20 years on – In Equilibrium’s journey of resilience from 1998 to today
As we all know every business has a history and the entrepreneurs that start those businesses have a story, so we hope you’re sitting comfortably and will enjoy reading about ours.
Vision versus reality
In Equilibrium’s business purpose has always been to improve wellbeing but in the beginning a very different product mix was offered. In 1998, ambitious premises were secured in the historic and expensive West End of Edinburgh and precious capital was spent converting them into a complimentary health centre with 4 consulting suites and a training room. As well as offering individual counselling and hypnotherapy sessions, a joint venture was arranged with a national hypnotherapy school and our director, Alastair Taylor, delivered weekend hypnotherapy courses in those original premises for two years. To help achieve the weekly turnover target, the consulting rooms were also offered for rent by local alternative therapists. Alastair and fellow director, Jan Lawrence’s memories of this period are that, despite an advertising campaign for ‘talk through’ services being offered to local business employees, the phone didn’t exactly ring off its hook and the company’s initial weekly financial target was well out of reach. They have many stories to relate of this early period including Jan helpfully spilling a full can of blue paint all over the carpet and up the wall when they were putting the finishing touches to the premises the evening before opening – she’s always enjoyed abstract art!
Gains and casualties along the way
A bit like a happy marriage, the leadership of a business can take a while to get right and some straight talking may be necessary. One of the original 4 directors left during the first two years and Dr David Mason Brown joined the company in his place. David’s experience as a medical doctor as well as his passionate interest and specialist knowledge of wellbeing led to our first corporate training courses being delivered in the Edinburgh training room. Around this time, under the company’s general wellbeing umbrella and to try and reach those financial targets, we almost joint ventured with a pharmacy chain to diversify and sell supplement products to help improve general health. Thankfully it was decided to stick with helping to improve wellbeing by talking rather than popping capsules as the proposed supplier fell by the wayside!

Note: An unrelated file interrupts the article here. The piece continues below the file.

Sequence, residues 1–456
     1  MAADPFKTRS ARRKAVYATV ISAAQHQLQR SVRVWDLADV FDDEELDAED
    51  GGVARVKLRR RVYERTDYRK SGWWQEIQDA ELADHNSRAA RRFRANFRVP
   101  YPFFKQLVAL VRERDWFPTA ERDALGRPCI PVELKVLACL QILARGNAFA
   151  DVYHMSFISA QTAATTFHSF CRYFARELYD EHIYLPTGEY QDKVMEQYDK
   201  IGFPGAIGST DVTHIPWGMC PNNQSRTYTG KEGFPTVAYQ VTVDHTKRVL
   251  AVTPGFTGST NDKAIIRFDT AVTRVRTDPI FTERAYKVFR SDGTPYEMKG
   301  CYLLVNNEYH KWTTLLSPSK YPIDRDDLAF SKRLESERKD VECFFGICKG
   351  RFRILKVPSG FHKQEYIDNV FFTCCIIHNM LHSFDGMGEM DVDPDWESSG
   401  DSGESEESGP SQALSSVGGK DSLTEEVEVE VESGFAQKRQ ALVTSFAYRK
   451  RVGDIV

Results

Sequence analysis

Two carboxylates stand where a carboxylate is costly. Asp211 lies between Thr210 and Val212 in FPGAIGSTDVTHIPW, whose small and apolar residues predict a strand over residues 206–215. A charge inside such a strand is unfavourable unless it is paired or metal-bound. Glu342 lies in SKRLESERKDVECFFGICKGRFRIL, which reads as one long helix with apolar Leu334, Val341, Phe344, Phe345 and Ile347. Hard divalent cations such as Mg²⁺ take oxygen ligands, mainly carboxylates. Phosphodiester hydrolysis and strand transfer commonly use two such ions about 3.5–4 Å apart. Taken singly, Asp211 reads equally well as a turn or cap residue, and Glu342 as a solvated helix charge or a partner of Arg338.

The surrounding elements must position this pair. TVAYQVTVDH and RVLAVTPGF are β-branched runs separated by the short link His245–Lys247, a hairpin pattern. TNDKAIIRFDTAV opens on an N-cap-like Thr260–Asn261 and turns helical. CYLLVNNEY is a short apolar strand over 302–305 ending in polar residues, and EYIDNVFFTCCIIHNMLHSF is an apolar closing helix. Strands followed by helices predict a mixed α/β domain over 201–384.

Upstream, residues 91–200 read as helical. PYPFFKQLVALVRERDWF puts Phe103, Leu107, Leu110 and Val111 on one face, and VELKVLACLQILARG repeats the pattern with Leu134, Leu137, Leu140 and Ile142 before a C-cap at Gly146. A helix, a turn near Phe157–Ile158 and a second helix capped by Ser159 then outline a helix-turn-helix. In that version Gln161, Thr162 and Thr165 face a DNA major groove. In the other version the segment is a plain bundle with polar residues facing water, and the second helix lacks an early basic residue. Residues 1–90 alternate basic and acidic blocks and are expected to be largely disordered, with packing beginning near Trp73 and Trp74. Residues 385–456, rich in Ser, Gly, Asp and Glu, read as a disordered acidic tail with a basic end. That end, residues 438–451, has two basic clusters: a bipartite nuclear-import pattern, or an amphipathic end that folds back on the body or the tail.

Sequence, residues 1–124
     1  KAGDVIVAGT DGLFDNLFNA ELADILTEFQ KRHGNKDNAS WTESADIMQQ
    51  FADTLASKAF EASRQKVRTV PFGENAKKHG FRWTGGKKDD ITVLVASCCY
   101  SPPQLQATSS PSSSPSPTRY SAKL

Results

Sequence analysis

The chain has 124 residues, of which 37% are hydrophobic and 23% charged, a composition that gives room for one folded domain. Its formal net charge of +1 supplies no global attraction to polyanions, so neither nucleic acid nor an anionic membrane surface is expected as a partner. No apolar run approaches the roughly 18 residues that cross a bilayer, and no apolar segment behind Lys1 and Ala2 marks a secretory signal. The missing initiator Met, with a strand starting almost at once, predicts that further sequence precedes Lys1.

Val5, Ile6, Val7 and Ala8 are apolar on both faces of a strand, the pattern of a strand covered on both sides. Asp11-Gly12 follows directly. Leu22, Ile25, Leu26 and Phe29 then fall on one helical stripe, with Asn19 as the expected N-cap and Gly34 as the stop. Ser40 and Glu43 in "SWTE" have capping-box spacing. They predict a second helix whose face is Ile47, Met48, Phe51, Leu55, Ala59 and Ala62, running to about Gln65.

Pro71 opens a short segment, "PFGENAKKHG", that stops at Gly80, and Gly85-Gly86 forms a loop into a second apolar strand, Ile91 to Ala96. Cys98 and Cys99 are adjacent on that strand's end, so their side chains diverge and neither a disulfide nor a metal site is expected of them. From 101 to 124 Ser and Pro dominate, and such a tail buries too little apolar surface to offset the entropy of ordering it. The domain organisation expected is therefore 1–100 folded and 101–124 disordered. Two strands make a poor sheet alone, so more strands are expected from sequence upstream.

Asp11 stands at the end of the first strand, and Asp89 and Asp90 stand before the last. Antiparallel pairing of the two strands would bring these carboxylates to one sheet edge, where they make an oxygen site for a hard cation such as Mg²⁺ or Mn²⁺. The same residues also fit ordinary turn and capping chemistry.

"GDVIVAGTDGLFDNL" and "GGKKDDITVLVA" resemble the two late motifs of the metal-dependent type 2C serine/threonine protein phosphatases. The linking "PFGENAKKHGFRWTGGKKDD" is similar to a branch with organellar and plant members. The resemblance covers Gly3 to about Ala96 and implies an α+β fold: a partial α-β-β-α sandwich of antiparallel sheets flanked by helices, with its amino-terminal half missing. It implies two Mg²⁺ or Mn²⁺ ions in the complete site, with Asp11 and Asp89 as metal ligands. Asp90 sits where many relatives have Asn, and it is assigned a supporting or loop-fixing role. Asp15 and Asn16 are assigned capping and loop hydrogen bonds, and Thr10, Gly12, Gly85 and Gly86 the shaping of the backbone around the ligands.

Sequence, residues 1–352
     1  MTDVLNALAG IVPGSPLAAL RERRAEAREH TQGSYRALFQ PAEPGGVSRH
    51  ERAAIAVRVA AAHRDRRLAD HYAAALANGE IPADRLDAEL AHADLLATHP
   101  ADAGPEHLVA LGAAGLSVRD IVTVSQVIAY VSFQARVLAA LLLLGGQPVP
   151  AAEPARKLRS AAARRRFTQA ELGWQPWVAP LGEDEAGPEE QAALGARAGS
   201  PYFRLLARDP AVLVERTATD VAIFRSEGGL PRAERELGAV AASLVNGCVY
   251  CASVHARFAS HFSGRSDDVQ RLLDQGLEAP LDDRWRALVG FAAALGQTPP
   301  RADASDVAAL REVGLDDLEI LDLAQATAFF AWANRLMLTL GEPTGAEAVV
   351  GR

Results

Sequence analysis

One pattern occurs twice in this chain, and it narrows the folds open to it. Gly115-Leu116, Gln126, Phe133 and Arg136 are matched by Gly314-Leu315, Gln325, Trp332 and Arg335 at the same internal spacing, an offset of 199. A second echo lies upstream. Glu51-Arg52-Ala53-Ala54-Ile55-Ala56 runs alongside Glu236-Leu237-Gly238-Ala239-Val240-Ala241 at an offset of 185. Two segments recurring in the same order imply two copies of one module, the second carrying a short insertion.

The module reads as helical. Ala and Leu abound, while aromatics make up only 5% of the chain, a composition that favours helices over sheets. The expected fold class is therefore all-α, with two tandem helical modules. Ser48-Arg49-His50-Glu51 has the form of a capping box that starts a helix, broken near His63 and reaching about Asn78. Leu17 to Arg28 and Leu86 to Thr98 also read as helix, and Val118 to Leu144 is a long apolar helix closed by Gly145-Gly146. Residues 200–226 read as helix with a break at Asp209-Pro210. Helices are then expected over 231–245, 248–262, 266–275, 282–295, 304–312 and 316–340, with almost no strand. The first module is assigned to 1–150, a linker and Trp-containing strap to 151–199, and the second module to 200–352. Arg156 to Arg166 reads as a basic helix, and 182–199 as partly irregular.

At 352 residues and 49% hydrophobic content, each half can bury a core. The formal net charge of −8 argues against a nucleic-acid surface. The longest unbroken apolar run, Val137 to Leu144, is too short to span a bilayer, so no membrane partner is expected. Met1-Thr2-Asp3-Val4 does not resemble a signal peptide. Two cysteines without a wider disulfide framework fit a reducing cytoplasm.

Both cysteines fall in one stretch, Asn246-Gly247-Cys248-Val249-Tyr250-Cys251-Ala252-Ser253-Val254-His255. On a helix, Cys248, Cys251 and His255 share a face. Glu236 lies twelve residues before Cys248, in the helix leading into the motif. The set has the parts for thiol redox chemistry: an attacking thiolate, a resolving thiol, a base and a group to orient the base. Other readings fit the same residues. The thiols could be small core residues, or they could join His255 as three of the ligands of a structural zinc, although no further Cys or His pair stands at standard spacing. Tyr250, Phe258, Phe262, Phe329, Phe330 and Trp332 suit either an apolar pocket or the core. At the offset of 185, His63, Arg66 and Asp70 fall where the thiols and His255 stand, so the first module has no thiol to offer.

Looks can deceive
To improve awareness of the company and gain more business, we started attending various exhibitions. Photographic evidence has mysteriously been lost but Alastair fondly describes the initial stands as ‘pathetic-looking’. We certainly weren’t one of those companies whose image promised the world and then failed to deliver – we worked in reverse, the product was good, you just needed to be persuaded to stop at the bland stand to hear about it! Happily this was another area we developed and later invested in our own exhibition materials.
Like a phoenix from the ashes
It’s always said that you learn more from your mistakes than your successes. Taking a lease on large city centre premises in a capital city proved to be one of those such early learning experiences as, during one unfortunate month, the income was insufficient to cover the rent causing a default on the lease and the end of our time operating as a city centre business.
Losing our Edinburgh training venue and consulting rooms was actually a big turning point. Instead, we started working with other trainers to offer open courses at various venues throughout the UK, delivered consultancy services for businesses across the country, rented rooms in a therapy centre for any continuing 1-2-1 counselling appointments, and used home offices for the administrative side of the business. As a small business start-up, we also received help from the Scottish Government resource, Business Gateway, in the form of free corporate contact details to enable us to start sending out bulk emails advertising our corporate courses which led to the successful database we have steadily built today.